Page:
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Reviewers' ChoiceFounded in 2012, UK-based iFi Audio has been busy the past few years, releasing a slew of small audio products designed “to improve your music enjoyment.” iFi makes some lifestyle and hi-fi components -- two of them, the Aurora wireless music system and the Pro iDSD DAC, were recently reviewed by Gordon Brockhouse for SoundStage! Simplifi -- but most of what iFi does centers around improving the sound quality of earphones and headphones. A recent result is the diminutive Hip-dac ($149, all prices USD), designed to enhance the sound of a smartphone or other portable digital device by bypassing its internal DAC, headphone amplifier, and output.

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Reviewers' ChoiceAs I’ve written before, headphone amps are typically more critical to headphone sound quality than speaker amps are to speaker sound quality. That’s largely because there’s so little standardization of headphone impedance and amplifier output impedance. The amp might be even more critical to the sound if you’re using expensive headphones of the type Focal is known for, such as the Utopia ($3999 USD) and Stellia ($3000) designs. So it’s no surprise that Focal launched the Arche ($2500), a high-end DAC-headphone amp with features intended to get the best sound out of the company’s headphones.

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No matter where you might stand on the subjective vs. objective, measurements vs. “trusting your ears” debate, you can’t deny that the miniDSP IL-DSP DAC-headphone amp ($99 USD) can have a radical effect on the sound of your headphones. Like other roughly finger-sized DAC-amps on the market, the miniDSP plugs into a computer, phone, or tablet, and performs digital-to-analog conversion and powers a set of earphones or headphones. But while most of those products’ marketing claims are simply that they sound more awesome than other companies’ DAC-amps, the miniDSP incorporates a digital signal processing chip that can be user-programmed with different EQ curves.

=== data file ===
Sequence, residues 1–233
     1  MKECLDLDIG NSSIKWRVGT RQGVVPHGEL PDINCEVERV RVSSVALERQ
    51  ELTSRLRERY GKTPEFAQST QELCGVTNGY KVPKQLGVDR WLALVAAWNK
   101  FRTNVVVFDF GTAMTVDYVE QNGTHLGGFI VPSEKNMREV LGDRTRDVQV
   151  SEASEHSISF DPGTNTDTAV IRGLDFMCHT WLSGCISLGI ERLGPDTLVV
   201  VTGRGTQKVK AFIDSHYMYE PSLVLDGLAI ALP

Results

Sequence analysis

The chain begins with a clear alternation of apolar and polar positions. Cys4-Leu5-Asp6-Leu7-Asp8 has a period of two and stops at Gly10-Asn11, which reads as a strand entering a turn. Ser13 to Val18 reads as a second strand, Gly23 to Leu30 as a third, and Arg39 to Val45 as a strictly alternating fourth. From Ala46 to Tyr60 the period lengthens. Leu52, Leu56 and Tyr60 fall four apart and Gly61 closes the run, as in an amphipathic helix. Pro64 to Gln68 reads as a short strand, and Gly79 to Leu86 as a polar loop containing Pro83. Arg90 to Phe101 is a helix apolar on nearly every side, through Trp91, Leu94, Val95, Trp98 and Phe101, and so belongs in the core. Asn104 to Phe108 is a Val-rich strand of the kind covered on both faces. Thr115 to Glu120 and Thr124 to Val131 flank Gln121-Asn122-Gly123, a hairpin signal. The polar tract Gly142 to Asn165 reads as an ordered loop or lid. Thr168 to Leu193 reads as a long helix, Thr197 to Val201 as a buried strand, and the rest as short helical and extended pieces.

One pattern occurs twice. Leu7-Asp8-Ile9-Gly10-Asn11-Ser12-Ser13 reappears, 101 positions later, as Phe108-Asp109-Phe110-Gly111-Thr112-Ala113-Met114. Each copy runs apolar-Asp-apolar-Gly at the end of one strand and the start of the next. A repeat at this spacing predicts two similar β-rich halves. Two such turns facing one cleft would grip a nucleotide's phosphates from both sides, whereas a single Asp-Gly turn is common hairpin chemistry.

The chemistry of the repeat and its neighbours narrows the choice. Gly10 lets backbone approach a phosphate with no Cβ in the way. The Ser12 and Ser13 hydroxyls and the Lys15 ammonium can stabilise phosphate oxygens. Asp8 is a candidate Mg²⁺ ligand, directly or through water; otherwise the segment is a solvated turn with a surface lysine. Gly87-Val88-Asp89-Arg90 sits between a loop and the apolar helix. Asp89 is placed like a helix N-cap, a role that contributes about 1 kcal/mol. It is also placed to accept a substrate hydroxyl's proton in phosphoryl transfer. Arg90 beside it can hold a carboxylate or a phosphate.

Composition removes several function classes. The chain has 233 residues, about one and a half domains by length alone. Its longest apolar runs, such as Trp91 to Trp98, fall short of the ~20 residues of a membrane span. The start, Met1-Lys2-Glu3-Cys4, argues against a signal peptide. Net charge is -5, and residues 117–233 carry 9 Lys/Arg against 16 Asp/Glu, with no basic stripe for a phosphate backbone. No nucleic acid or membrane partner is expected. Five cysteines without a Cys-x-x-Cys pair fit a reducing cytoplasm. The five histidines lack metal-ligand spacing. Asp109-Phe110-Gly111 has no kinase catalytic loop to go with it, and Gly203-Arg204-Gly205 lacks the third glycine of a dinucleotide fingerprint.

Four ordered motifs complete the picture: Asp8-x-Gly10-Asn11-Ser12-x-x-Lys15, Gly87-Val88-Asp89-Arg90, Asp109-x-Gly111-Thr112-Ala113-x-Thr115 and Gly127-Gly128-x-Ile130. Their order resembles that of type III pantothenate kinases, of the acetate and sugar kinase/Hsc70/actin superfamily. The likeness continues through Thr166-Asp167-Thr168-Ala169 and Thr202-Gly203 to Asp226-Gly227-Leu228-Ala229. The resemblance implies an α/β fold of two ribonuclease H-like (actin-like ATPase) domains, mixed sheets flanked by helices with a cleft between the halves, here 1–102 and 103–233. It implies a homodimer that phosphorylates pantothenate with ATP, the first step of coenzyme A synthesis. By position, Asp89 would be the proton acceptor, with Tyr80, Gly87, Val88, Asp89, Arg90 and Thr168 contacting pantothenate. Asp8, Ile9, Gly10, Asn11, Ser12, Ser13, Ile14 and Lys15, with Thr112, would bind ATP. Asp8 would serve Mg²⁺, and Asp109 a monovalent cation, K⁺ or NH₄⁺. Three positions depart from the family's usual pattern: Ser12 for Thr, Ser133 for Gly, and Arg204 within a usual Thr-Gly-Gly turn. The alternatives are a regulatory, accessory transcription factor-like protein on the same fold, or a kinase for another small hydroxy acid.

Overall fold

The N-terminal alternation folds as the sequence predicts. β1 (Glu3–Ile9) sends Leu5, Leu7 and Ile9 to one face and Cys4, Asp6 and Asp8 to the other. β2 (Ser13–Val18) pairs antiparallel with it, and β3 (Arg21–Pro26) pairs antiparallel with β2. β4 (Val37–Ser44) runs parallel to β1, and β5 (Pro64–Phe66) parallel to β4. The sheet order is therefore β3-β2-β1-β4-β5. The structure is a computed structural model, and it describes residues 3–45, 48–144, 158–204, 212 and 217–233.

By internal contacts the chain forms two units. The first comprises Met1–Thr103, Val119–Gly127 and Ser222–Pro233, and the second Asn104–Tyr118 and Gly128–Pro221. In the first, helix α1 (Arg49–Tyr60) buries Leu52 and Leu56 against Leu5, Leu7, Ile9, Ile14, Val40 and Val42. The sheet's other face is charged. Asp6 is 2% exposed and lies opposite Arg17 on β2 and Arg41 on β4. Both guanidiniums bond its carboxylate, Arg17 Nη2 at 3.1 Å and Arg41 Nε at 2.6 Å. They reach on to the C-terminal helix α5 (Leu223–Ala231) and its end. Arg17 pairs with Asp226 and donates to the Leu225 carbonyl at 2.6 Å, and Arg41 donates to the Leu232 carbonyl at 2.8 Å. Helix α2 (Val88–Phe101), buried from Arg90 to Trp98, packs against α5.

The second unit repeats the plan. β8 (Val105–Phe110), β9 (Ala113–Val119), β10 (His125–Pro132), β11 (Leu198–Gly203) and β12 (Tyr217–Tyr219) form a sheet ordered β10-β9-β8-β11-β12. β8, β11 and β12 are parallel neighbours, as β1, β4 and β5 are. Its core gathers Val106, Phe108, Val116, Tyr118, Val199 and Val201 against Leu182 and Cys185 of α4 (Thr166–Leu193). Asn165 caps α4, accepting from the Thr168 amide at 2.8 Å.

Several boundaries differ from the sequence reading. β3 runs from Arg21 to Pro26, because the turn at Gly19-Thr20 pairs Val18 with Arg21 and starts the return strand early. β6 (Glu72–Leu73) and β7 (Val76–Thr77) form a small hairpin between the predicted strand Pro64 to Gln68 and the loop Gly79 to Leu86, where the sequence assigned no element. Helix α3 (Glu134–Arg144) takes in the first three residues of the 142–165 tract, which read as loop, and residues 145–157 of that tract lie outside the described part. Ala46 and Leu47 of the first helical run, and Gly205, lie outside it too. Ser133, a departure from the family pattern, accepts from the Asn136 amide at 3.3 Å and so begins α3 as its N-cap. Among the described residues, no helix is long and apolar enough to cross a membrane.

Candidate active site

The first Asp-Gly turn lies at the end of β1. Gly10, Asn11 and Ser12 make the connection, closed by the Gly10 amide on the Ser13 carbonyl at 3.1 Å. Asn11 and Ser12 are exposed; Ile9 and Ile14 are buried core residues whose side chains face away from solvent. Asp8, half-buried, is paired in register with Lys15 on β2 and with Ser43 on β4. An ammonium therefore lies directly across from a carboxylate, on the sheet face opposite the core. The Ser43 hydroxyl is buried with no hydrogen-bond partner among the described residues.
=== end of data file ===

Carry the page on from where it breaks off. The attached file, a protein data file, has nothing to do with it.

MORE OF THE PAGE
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Pennsylvania-based Rogue Audio has been producing tubed electronics for 20 years. Although they’ve long included headphone jacks on many of their products, Rogue is not oblivious to the demands of today’s ever-growing market of headphone enthusiasts. Many high-quality headphones can sound great when plugged directly into a smartphone, but their sound can often further benefit from connection to a dedicated headphone amplifier fed signals from high-quality source components. Some high-end headphones require greater power than a smartphone, or even the headphone amp in a typical audio component, can deliver. Rogue’s solution to these needs of the headphone aficionado is the RH-5 headphone amplifier-preamplifier ($2495 USD).

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Many companies selling DAC-headphone amps snazz them up with every possible feature and a design that grabs attention. Lehmannaudio has a different approach. Its Linear USB II DAC-headphone amp ($2199 USD) is about as simple as it could be: basically one digital input, a stereo analog input, a volume knob, and two 1/4" unbalanced headphone outputs, all in a plainly designed rectangular chassis. I’m only mildly familiar with the company -- Lehmannaudio is a German brand that seems best known in Europe, and I’d previously encountered it only at Munich’s High End show -- but I gather from reading around a bit on the Internet that elegant simplicity is the company’s thing.

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The Periodic Audio Nickel is the gutsiest audio product I’ve seen in many years. It’s a headphone amp that measures only 2” long, comes in a plastic enclosure, has no controls, no Bluetooth, no DAC . . . yet it costs $299 USD. I can’t find a directly comparable product, but the FiiO A3 amp has about as much rated power, plus volume, gain and bass-boost controls, and costs only $49 on Amazon, although it is about three times the Nickel’s size. The first time I encountered the Nickel at a CanJam headphone show, I had to wonder what kind of sonic juju this thing could have to justify its price.

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